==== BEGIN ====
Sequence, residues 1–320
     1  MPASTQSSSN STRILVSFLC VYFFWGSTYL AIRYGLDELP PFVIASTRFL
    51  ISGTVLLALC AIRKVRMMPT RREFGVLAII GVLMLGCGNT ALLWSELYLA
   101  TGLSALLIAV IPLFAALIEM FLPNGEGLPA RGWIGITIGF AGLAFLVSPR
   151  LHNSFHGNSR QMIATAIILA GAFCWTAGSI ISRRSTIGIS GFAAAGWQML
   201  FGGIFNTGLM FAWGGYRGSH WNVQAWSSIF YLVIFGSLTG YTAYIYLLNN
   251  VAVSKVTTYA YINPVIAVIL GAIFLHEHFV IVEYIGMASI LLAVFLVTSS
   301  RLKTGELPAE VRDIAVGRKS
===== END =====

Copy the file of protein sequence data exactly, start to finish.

Sequence, residues 1–320
     1  MPASTQSSSN STRILVSFLC VYFFWGSTYL AIRYGLDELP PFVIASTRFL
    51  ISGTVLLALC AIRKVRMMPT RREFGVLAII GVLMLGCGNT ALLWSELYLA
   101  TGLSALLIAV IPLFAALIEM FLPNGEGLPA RGWIGITIGF AGLAFLVSPR
   151  LHNSFHGNSR QMIATAIILA GAFCWTAGSI ISRRSTIGIS GFAAAGWQML
   201  FGGIFNTGLM FAWGGYRGSH WNVQAWSSIF YLVIFGSLTG YTAYIYLLNN
   251  VAVSKVTTYA YINPVIAVIL GAIFLHEHFV IVEYIGMASI LLAVFLVTSS
   301  RLKTGELPAE VRDIAVGRKS